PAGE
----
Delving deep into the molecular subtleties of a strain of mice engineered to age rapidly, scientists have found that an accumulation of genetic mutations prompts a cascade of programmed cell death that seems to underpin the aging process.
Writing today (July 15, 2005) in the journal Science, a team of scientists led by University of Wisconsin-Madison geneticist Tomas A. Prolla describes a series of experiments in mutant and normal mice that peel away some of the root secrets of mammalian aging.
Growing old, according to the new study, occurs, in part, as mutations build up in the DNA of energy-generating mitochondria, triggering the death of critical cells that lead to such things as hair and weight loss, hearing and vision impairment, loss of muscle mass, weakened bones and fewer circulating red blood cells. Mitochondria are structures within cells that provide energy for cells to move, divide, contract and secrete products vital for the health of organisms. "We think that the key to what is happening in aging is that as (genetic) mutations or DNA damage accumulates, critical cells die," says Prolla. "These experiments favor a major role for programmed cell death in aging."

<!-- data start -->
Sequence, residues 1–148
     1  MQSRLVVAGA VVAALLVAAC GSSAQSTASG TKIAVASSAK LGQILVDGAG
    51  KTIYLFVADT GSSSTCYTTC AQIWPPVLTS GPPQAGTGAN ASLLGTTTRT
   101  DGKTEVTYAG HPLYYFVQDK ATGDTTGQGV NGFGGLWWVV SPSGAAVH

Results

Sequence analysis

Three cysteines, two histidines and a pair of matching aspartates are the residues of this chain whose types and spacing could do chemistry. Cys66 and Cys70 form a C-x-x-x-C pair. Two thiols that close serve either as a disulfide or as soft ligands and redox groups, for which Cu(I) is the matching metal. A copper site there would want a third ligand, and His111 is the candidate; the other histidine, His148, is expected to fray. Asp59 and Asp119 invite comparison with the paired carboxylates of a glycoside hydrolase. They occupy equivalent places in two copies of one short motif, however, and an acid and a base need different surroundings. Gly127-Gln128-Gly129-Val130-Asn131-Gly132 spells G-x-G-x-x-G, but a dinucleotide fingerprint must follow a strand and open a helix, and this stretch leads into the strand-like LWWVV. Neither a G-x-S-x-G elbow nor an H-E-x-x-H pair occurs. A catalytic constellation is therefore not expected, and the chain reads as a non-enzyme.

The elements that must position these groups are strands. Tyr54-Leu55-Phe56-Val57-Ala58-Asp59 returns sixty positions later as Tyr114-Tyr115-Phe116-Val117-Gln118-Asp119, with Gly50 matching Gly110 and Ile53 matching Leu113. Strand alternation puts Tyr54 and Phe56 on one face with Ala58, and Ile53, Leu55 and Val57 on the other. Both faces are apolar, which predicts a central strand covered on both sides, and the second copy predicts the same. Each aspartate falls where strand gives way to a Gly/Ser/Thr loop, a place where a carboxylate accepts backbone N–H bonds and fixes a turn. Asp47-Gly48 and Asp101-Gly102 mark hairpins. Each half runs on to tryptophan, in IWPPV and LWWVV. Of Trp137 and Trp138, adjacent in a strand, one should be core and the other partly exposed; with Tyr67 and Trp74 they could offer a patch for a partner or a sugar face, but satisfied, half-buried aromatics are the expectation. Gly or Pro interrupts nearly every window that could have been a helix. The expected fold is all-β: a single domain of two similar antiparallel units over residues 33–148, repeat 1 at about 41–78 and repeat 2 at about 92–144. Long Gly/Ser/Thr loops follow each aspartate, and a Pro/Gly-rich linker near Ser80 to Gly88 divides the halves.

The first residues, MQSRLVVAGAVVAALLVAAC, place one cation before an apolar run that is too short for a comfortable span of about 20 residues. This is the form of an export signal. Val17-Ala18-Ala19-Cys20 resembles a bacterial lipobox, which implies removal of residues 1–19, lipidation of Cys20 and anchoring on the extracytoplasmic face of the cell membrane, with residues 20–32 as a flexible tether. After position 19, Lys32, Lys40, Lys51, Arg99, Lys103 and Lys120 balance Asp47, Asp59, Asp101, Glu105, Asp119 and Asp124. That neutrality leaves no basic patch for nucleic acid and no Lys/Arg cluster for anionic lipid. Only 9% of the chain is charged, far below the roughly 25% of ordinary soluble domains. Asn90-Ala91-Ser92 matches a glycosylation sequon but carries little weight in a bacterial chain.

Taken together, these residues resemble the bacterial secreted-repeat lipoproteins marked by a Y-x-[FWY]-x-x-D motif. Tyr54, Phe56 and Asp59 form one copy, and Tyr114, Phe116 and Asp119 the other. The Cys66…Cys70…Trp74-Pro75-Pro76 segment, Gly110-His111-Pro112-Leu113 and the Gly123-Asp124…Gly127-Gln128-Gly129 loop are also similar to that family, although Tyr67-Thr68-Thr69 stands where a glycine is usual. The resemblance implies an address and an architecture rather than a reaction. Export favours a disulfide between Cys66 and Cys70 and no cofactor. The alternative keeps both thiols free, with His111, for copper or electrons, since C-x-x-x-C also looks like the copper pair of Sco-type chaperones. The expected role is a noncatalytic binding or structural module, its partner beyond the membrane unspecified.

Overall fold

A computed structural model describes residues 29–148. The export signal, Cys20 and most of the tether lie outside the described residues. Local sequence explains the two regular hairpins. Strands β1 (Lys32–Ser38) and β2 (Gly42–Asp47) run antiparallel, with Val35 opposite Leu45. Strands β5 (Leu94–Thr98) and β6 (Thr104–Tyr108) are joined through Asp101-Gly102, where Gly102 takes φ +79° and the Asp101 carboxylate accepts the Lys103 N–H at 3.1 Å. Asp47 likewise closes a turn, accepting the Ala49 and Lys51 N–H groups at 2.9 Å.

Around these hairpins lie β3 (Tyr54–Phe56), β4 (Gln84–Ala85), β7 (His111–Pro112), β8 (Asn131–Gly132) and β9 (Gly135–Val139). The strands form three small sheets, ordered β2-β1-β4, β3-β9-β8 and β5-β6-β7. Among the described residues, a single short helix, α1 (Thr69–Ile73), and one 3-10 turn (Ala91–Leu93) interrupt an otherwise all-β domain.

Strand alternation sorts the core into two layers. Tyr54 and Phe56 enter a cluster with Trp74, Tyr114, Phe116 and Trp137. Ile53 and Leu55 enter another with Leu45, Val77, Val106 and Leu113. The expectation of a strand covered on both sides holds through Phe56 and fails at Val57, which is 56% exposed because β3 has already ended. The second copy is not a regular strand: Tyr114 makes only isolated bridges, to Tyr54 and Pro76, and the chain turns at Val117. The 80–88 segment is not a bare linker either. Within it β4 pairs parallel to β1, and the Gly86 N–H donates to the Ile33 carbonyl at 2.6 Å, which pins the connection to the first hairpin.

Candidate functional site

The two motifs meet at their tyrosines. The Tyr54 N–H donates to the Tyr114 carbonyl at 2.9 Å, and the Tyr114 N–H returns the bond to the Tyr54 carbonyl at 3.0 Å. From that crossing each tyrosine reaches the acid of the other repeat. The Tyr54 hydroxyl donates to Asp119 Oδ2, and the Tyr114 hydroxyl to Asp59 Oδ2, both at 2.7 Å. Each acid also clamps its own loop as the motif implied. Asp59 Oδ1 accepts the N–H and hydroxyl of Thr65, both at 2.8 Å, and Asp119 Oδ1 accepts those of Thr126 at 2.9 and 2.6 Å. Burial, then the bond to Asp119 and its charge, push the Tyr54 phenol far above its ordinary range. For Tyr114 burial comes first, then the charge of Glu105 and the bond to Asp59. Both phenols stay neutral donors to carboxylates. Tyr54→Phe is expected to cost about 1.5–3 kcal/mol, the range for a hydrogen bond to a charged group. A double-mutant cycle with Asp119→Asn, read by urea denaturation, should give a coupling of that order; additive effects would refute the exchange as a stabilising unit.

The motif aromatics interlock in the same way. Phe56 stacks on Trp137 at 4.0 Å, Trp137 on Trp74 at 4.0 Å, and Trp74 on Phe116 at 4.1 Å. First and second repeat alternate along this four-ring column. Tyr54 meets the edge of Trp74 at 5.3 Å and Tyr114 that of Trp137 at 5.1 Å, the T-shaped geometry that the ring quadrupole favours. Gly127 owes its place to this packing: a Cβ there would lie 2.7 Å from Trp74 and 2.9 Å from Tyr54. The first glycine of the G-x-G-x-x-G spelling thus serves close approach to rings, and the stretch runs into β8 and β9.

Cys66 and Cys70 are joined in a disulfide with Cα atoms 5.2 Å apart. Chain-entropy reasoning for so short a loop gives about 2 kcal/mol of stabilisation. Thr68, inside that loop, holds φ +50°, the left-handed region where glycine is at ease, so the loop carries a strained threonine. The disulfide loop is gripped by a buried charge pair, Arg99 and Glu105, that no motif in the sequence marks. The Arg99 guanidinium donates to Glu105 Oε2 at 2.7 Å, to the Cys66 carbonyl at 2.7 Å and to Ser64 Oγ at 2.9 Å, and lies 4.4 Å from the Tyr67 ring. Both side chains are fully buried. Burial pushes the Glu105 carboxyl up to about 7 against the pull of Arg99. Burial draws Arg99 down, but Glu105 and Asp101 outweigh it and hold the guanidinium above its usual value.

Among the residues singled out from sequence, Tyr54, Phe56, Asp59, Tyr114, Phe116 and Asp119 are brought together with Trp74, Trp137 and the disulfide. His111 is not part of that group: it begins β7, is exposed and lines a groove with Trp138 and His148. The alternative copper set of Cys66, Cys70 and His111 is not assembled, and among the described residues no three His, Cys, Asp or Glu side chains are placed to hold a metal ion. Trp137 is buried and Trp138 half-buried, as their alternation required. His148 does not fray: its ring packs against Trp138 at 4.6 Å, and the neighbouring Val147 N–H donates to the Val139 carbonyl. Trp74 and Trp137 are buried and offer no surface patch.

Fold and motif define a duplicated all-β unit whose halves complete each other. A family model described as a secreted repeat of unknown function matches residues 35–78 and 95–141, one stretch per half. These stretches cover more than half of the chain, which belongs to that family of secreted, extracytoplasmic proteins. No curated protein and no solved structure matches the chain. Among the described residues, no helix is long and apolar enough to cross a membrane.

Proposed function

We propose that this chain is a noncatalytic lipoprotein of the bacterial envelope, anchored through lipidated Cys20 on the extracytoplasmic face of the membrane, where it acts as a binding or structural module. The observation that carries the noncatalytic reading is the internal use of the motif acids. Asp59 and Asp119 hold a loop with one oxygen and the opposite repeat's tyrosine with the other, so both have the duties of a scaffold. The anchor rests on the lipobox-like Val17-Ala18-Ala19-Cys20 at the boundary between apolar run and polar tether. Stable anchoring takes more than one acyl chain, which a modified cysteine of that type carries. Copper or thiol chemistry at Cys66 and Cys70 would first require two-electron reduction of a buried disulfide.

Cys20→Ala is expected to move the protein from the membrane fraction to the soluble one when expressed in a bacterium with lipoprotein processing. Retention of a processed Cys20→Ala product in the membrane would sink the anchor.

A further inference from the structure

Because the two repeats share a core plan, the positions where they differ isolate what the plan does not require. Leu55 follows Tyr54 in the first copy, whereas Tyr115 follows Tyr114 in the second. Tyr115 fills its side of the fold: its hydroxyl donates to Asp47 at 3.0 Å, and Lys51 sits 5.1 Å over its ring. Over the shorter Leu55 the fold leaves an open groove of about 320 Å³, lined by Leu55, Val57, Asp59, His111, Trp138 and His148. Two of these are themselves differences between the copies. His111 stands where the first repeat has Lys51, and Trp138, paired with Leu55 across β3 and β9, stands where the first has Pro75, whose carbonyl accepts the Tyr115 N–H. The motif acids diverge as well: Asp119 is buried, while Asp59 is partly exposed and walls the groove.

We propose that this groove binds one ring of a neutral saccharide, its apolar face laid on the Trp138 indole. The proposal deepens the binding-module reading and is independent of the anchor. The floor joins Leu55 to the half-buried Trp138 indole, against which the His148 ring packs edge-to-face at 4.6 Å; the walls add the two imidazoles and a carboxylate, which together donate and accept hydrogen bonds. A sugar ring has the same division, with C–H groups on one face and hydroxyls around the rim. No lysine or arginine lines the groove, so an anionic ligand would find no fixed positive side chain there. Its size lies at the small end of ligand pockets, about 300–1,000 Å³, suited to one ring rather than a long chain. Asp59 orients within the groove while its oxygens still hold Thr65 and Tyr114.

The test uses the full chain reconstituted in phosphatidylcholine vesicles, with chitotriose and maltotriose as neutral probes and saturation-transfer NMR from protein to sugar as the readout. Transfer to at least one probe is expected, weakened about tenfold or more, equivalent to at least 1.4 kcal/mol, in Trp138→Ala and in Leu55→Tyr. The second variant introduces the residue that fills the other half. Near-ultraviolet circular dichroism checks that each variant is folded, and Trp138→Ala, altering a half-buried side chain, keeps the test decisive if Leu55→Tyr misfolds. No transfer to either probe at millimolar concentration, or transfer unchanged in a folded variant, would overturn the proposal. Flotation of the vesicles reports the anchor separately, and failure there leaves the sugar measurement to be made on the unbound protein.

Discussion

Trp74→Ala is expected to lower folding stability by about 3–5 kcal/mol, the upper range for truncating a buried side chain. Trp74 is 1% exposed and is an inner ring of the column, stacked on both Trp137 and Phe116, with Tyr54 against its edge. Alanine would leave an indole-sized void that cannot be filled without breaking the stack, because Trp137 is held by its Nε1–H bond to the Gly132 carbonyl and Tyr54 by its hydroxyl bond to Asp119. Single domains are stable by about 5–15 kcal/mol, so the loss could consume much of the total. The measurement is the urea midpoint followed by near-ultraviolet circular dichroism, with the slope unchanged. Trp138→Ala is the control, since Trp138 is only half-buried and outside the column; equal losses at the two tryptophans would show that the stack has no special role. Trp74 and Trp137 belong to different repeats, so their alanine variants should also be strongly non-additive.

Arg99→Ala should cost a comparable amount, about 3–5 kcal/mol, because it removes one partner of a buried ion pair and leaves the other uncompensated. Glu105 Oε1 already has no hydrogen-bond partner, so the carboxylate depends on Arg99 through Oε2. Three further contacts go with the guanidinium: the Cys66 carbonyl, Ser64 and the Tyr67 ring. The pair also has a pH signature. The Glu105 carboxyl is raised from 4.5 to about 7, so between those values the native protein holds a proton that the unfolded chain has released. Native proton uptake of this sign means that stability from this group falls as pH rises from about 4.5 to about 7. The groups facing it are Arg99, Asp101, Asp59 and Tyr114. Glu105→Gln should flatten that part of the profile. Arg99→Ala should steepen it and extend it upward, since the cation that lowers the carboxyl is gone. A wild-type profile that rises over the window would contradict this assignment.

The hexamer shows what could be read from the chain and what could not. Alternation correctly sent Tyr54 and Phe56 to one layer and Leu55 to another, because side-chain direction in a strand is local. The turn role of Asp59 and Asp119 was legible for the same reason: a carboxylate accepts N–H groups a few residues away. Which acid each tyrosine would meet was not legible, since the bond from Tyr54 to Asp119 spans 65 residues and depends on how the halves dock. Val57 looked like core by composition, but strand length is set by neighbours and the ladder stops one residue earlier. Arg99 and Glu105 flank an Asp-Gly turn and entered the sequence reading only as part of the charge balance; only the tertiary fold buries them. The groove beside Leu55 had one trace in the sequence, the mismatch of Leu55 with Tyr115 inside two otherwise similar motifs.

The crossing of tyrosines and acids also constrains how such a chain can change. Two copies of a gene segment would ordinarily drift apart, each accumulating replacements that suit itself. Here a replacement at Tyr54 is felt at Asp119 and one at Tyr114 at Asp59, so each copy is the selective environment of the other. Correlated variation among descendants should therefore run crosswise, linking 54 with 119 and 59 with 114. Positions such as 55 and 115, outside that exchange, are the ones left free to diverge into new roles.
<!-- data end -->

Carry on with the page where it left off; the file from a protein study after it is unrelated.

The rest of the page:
Tomas A. Prolla | EurekAlert!
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